Why Breastfeeding is the Eco-Friendly Choice
Since the introduction of formula in 1867, the breast vs formula argument has raged on. While there are undoubtedly many health and emotional benefits to breastfed babies, there are also lots of environmental benefits too.
Breast Milk Causes No Waste and Uses No Energy
Breast milk does not require the farming of cattle or the clearance of forest land for grazing cattle. It does not use heating that is needed during the pasteurisation of cows milk or refrigeration. It does not have to be packaged or transported to shops, so petrol is not required, reducing 'greenhouse gas' emissions.
Francis and Mulford said in 2000,
"“Human milk is not skimmed, processed, pasteurized, homogenized, packaged, stored, transported, repackaged, dried, reconstituted, sterilized or wasted. More important to many people nowadays, it is not genetically modified (GM). It requires no fuel for heating, no refrigeration, and is always ready to serve at the right temperature. In short, it is the most environmentally friendly food available.”
This makes breastfeeding the obvious choice for environmentally conscious mums.
Breastfeeding Reduces the Use of Plastics
No plastic bottles are required. This reduces the burden on landfill sites, protects wildlife and protects babies from harmful chemicals associated with plastic. These harmful chemicals are hormone disruptors and can result in immune system damage and changes in the developing brain. While BPA was banned in baby bottles in the UK in 2011 after it was discovered it could leach into the baby's body, and the U.S followed suit a year later, its replacement, BPS, is just as harmful. It also leaches into the body and has been found in urine samples. Even tiny amounts of the chemical can trigger asthma, obesity and cancer.
While unsuspecting mothers think their BPA-free bottles are eco-friendly, they don't realise the substitute BPS is just as bad.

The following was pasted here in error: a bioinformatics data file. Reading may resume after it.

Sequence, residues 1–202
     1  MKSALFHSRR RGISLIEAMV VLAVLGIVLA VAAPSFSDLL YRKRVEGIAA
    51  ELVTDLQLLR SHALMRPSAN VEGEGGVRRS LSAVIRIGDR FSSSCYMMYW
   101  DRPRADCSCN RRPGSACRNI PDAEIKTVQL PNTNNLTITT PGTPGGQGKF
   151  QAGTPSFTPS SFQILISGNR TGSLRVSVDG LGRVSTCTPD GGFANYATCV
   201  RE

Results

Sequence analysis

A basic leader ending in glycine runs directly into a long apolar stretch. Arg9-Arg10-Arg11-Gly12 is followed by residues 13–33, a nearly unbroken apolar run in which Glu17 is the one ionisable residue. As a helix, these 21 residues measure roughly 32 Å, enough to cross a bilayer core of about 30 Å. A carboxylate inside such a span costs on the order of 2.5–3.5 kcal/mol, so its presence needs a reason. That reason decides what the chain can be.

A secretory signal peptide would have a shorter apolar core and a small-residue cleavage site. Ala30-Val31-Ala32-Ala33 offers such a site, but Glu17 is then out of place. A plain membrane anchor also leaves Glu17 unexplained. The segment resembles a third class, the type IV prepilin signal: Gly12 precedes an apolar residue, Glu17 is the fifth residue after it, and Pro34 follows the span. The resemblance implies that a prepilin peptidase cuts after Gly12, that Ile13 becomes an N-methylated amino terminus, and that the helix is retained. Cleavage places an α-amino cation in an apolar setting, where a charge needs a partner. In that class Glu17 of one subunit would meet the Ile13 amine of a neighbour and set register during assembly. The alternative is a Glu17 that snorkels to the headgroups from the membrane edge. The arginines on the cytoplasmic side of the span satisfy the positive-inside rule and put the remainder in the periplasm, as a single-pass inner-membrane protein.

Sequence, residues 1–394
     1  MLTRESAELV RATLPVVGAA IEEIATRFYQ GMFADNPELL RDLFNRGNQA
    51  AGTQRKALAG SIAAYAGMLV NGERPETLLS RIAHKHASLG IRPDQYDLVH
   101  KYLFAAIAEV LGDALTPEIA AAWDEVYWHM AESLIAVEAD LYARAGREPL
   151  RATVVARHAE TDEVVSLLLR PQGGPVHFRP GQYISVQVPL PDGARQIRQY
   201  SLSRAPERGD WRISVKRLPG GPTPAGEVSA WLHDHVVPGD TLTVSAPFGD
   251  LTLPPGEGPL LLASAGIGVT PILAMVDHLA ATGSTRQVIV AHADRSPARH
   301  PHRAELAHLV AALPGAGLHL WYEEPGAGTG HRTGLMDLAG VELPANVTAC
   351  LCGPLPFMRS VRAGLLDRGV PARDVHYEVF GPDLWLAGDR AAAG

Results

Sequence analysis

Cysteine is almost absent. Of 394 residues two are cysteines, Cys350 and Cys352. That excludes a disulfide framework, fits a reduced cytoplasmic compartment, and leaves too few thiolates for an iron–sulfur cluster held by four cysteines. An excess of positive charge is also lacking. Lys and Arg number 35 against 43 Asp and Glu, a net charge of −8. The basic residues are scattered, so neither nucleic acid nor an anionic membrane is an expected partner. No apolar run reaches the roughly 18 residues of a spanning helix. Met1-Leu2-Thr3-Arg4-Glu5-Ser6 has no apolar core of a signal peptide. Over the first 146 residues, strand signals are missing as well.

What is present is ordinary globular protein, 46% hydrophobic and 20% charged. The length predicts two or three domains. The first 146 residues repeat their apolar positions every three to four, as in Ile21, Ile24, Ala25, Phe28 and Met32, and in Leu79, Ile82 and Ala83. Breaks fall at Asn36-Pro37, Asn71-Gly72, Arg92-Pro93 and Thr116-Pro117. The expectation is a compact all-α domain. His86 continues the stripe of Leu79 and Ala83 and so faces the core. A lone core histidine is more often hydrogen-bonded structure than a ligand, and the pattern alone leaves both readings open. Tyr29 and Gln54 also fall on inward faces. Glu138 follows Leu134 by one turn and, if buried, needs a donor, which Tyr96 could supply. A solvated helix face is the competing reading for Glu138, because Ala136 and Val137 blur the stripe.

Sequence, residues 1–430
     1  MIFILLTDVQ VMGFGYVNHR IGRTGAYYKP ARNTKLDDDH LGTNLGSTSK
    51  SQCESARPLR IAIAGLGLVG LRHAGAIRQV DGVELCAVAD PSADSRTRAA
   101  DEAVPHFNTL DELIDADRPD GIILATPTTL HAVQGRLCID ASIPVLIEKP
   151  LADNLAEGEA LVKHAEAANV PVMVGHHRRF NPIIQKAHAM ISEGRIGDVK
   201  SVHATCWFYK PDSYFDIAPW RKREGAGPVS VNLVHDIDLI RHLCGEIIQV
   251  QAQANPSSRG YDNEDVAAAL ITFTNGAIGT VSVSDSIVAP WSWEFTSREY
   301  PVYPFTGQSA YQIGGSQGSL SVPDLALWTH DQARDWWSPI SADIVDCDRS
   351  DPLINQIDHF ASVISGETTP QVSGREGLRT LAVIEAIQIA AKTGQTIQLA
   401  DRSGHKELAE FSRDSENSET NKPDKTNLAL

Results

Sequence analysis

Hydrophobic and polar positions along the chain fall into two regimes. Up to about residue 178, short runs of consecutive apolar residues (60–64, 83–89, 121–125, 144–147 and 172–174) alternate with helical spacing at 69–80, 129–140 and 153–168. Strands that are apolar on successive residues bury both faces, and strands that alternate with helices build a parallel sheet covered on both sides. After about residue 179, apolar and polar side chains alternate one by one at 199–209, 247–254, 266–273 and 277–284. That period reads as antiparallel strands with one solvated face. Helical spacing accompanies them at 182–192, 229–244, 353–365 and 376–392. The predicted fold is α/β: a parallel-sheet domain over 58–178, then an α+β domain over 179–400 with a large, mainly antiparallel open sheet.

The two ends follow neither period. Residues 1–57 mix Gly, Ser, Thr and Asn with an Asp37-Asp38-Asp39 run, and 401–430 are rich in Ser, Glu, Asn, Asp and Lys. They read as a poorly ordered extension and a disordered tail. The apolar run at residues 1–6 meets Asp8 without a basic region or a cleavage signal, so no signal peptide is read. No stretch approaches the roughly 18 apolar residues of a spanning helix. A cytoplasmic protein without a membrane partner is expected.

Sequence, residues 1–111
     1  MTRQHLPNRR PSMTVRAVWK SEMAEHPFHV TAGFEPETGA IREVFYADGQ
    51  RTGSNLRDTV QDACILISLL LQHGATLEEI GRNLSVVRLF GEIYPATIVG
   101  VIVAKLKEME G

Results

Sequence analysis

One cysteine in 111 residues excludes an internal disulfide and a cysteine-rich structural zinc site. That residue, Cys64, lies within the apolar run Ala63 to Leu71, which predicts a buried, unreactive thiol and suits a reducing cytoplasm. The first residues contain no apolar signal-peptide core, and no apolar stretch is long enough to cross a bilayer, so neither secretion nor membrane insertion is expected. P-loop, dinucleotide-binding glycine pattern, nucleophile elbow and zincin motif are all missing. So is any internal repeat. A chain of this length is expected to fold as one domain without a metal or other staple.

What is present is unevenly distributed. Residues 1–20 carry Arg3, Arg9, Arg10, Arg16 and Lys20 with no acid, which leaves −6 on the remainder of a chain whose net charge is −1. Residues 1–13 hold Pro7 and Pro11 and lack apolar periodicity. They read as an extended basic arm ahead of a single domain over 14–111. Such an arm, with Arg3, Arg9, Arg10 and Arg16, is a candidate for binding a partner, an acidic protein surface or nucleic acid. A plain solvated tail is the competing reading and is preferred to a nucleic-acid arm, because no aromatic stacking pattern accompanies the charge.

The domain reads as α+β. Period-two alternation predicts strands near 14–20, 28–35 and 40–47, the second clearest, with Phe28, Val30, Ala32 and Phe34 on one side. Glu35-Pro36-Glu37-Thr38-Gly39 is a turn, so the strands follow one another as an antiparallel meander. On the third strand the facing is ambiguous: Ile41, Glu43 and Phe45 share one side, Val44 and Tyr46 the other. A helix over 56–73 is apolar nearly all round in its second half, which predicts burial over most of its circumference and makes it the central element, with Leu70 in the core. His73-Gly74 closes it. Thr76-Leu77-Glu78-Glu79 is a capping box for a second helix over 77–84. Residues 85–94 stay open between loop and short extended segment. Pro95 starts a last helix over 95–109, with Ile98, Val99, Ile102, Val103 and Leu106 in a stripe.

Glass bottles are an improvement, but the soundest environmental choice is breastfeeding.
Breastfed Babies Use Less Water
Water is necessary for life but it is not always abundant in all areas of the world. Breastfed babies don't need water for at least the first six months of their lives. This is because breast milk contains water and is both a drink and food. Water used to prepare formula contains pesticide residues due to run-off and contamination via soil. Pesticide exposure in infancy is known to cause cognitive problems.
Breastfeeding Delays Menstruation and Reduces the Need for Disposable Sanitary Wear
The average time a breastfeeding woman resumes menstruation after childbirth is 14 months. This reduces the number of sanitary packets she has to buy. Disposable sanitary wear is up to 90% plastic and as harmful to the planet as disposable nappies. This effect also helps with family spacing. If an exclusively breastfeeding mother feeds during the night, doesn't introduce solid food and doesn't use pacifiers, it may help prevent pregnancy. Appropriate family spacing reduces burdens caused by over-population.
Breastfeeding Doesn't Support Animal Cruelty
Intensive dairy farming requires that calves are killed on the first day of life so that farmers can use their milk for human consumption, including formula milk. Mother cows are very maternal animals and find this very distressing. Over-milking is common due to the amount of milk humans consume and hormones are often given to increase yield. Grossly swollen or blocked udders are a painful and common problem. Farmers will also give antibiotics to prevent infection from these practices. Trace amounts of these antibiotics end up in their milk and in the powdered infant formula.
Breastfeeding Takes Power Away from Major Corporations
When women decide to breastfeed, they take their power back from major multi-national corporations that make formula milk. Corporations have historically made decisions based on company profit, rather than public good (think Vioxx and GM foods). Breastfeeding is the ultimate in eating locally and enables families to take charge of their own food and live more sustainably.